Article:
On a recent business trip, I stopped (thanks to Foursquare. I’m not sure I would’ve seen it tucked away) at a Espresso Love Coffee in Mukwonago, Wisconsin. It is a delightful place and clearly loved by the community as people of all sorts (farmers, business-types, shoppers, and the usual coffee shop types) came and went, or stayed and chatted. It was what a local coffee shop should be.
Perhaps due to the economic situation, but Kel and I have become more committed to buying local than we once did. We consciously work to support local businesses and to frequent local coffee shops over the common name brand types that have corporate influence. One of my favorites is Quincy’s, who serve my favorite coffee, Intelligentsia (roasted in nearby Chicago…. that’s local, isn’t it?). I love hanging out at Quincy’s not only because of the coffee and service, but also its communal vibe, that the people who hang out here see and live life creatively and aren’t just sitting by while others shape the world.
I think it’s that creative element that prompts people to travel to a treasured local coffee shop to read, think, and write. It’s what draws me. Different from English pubs where social conversation and drinking is the goal, a good local coffee shop facilitates reflection and perspective. There’s a slow-down, a pause (interrupted by caffeine) that gives me a chance to stay grounded to reflect, create, and think deeply beyond consumerism’s ploy via trivia.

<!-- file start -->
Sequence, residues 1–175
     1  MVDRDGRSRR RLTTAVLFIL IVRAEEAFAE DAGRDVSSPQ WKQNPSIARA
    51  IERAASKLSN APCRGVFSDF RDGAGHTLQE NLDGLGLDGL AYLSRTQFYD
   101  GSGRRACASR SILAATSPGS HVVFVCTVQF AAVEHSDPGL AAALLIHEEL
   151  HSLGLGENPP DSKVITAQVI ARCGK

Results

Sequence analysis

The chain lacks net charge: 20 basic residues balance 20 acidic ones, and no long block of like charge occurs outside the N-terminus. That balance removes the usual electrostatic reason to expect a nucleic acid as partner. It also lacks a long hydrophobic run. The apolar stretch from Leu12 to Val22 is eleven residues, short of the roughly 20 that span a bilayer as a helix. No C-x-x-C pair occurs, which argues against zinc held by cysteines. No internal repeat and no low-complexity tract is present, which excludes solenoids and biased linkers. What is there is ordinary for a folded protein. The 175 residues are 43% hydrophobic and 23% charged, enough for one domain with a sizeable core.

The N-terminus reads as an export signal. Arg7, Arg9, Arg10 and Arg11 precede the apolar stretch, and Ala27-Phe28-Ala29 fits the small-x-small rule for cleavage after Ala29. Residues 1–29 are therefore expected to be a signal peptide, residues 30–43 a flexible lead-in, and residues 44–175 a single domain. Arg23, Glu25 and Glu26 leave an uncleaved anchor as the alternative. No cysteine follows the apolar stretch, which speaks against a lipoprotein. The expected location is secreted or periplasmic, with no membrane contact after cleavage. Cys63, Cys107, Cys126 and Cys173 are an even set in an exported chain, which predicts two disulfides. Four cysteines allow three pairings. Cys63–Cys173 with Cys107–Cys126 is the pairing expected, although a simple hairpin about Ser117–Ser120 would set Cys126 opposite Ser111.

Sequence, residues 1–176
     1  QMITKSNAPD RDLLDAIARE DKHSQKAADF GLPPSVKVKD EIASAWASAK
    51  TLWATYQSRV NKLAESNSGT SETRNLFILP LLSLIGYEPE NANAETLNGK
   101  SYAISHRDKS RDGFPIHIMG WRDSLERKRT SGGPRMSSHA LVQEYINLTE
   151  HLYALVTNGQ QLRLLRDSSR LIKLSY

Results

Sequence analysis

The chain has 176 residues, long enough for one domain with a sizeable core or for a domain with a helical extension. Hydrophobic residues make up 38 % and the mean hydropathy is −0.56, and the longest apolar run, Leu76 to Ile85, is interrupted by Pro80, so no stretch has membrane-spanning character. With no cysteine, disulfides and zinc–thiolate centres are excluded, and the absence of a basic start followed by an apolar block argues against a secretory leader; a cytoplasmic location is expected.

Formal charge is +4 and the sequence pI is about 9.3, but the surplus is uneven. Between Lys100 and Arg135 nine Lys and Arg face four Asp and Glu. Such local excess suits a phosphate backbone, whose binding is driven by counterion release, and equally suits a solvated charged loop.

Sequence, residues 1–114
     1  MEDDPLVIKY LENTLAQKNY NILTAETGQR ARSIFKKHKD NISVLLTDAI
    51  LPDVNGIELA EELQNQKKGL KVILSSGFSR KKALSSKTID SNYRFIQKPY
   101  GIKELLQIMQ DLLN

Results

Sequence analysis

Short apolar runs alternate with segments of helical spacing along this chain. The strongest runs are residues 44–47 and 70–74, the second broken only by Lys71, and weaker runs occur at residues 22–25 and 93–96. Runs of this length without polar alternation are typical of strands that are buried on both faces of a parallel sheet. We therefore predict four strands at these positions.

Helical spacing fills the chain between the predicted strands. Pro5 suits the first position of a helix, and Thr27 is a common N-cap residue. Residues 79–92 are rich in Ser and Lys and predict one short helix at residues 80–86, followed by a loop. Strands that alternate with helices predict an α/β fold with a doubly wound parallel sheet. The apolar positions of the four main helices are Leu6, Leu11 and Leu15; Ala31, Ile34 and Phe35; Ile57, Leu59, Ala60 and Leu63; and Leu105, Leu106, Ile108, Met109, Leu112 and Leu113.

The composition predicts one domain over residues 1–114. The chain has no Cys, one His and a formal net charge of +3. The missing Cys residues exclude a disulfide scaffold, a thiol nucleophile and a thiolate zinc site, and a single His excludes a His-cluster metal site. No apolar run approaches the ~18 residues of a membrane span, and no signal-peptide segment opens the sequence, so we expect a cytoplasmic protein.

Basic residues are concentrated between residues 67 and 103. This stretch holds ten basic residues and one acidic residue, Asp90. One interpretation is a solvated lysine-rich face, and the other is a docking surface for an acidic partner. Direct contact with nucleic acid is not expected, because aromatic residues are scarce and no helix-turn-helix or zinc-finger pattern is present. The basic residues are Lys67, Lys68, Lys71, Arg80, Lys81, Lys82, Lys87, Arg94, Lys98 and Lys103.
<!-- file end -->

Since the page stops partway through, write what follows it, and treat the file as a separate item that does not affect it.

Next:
Whenever I pass Main Street Roasters in Nappanee, I remember spending winter nights there, headphones blaring U2 songs while finishing the Talksheets Books. In the midst of a small town full of Amish, the coffee shop was an oasis of modernity and killer(and free) wifi. I know other writers have moved manuscripts one step further by trudging to the local coffee shop for inspiration. Lauren Winner found such at her local coffee shop, The Mudhouse, that its name made it into her first book’s title,Mudhouse Sabbath: An Invitation to a Life of Spiritual Discipline (Pocket Classics).
What’s your ‘coffee shop’ routine?